You are not permitted to download, save or email this image. Visit image gallery to purchase the image.
"The weather gods came to the party with tons of snow just before the opening and followed that up with perfect clear blue skies and cold, crisp days," he said.
Mr Green said Queenstown's Winter Festival was a celebration of all things winter which had grown from humble beginnings in 1975 into the Southern Hemisphere's biggest winter party.
"Thousands of people now come from around New Zealand and the world for the annual festival, with the Tourism Research Institute putting the overall cash injection back into the economy at a massive $17.3 million," he said.
The numbers at each event had been "spectacular".
Prime Minister John Key officially got the party started on June 25.
New events had been well received, especially the Thriller in the Chiller on June 27 at Queenstown Events Centre.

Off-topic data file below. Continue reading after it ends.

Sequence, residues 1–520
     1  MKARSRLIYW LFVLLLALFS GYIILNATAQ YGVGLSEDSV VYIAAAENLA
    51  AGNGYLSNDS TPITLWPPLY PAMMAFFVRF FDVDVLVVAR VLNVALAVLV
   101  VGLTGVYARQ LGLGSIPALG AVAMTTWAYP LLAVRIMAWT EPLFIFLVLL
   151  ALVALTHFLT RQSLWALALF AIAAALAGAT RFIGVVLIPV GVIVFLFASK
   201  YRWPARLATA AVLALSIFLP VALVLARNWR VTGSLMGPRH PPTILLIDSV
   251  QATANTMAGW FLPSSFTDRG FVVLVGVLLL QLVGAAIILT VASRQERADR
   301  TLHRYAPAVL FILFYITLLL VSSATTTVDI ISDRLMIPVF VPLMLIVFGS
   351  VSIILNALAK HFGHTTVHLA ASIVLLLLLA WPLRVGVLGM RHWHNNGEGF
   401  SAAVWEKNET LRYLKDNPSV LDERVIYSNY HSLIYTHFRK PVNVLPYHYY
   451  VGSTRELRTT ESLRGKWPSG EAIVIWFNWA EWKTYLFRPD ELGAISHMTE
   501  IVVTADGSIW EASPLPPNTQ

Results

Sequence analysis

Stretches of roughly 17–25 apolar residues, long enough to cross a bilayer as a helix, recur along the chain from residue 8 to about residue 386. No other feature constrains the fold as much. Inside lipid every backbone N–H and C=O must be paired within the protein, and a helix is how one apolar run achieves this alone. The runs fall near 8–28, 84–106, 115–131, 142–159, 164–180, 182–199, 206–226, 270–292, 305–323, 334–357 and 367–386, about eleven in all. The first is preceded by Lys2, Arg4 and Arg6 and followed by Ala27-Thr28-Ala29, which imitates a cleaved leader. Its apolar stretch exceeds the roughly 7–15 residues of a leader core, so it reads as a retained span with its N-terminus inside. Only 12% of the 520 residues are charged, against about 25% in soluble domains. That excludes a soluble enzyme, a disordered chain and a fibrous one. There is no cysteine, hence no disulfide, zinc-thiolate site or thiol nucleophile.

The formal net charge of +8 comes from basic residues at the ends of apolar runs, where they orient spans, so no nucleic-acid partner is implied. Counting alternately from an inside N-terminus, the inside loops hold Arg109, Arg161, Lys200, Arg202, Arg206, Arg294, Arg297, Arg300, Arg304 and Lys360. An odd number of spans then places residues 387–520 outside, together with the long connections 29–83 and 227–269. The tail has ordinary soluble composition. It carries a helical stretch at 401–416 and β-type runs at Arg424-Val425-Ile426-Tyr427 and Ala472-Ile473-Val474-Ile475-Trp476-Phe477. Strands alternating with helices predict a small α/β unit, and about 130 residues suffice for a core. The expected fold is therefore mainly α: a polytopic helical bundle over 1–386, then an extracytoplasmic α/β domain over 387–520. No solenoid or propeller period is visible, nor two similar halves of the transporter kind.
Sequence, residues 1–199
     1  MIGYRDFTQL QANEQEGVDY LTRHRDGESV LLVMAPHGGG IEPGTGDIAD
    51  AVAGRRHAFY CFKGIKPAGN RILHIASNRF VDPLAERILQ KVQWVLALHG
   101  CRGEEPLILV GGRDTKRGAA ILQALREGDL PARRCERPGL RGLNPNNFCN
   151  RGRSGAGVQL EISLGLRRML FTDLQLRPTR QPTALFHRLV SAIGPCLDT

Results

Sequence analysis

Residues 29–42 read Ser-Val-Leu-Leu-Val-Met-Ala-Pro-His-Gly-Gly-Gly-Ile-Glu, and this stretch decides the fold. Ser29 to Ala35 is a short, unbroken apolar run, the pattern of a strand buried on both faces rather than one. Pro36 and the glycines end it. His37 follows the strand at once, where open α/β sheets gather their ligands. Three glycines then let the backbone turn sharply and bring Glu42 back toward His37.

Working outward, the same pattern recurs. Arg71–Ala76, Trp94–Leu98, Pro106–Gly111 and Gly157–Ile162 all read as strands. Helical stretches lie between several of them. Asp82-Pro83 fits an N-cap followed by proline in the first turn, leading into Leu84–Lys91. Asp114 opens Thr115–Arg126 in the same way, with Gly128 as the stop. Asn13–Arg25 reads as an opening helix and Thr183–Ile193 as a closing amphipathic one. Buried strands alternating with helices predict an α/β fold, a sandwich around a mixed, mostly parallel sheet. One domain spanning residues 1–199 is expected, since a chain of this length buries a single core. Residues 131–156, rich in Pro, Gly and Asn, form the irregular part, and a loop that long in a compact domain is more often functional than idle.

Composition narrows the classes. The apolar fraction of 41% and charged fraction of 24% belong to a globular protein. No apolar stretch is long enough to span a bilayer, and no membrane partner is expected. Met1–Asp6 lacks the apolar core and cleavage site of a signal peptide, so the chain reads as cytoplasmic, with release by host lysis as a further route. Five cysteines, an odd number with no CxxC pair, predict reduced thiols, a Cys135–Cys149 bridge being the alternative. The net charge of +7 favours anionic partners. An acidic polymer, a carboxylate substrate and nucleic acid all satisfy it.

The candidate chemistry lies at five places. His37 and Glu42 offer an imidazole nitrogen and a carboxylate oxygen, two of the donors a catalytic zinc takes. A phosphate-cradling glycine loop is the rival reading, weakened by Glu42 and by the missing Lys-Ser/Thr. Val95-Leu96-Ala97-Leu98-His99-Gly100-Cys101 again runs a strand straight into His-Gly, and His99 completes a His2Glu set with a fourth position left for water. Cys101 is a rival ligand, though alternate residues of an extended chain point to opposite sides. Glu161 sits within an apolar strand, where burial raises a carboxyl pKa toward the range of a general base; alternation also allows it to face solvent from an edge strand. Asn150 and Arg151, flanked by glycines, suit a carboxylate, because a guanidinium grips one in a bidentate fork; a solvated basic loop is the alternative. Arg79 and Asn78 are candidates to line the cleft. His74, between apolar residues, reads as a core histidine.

The Festival Parade and Family Fun Day, the Day on the Bay and a concert by Kiwi rock legends Dragon during Mardi Gras were all put on at no cost.
"It was a struggle providing free events from a funding prospective.
It's a challenge for the committee to keep the level of free events when our community funding has declined over the past couple of years," he said.
The committee would be analysing events to determine what could go, stay or be introduced next year.
It was also going to update the data on the economic benefit to the economy.
Thousands joined in the fun on the final day of the festival at Coronet Peak with Mountain Bikes on Snow followed by a closing concert featuring dDub.
The on-mountain wrap party also heralded the first night-skiing session of the season.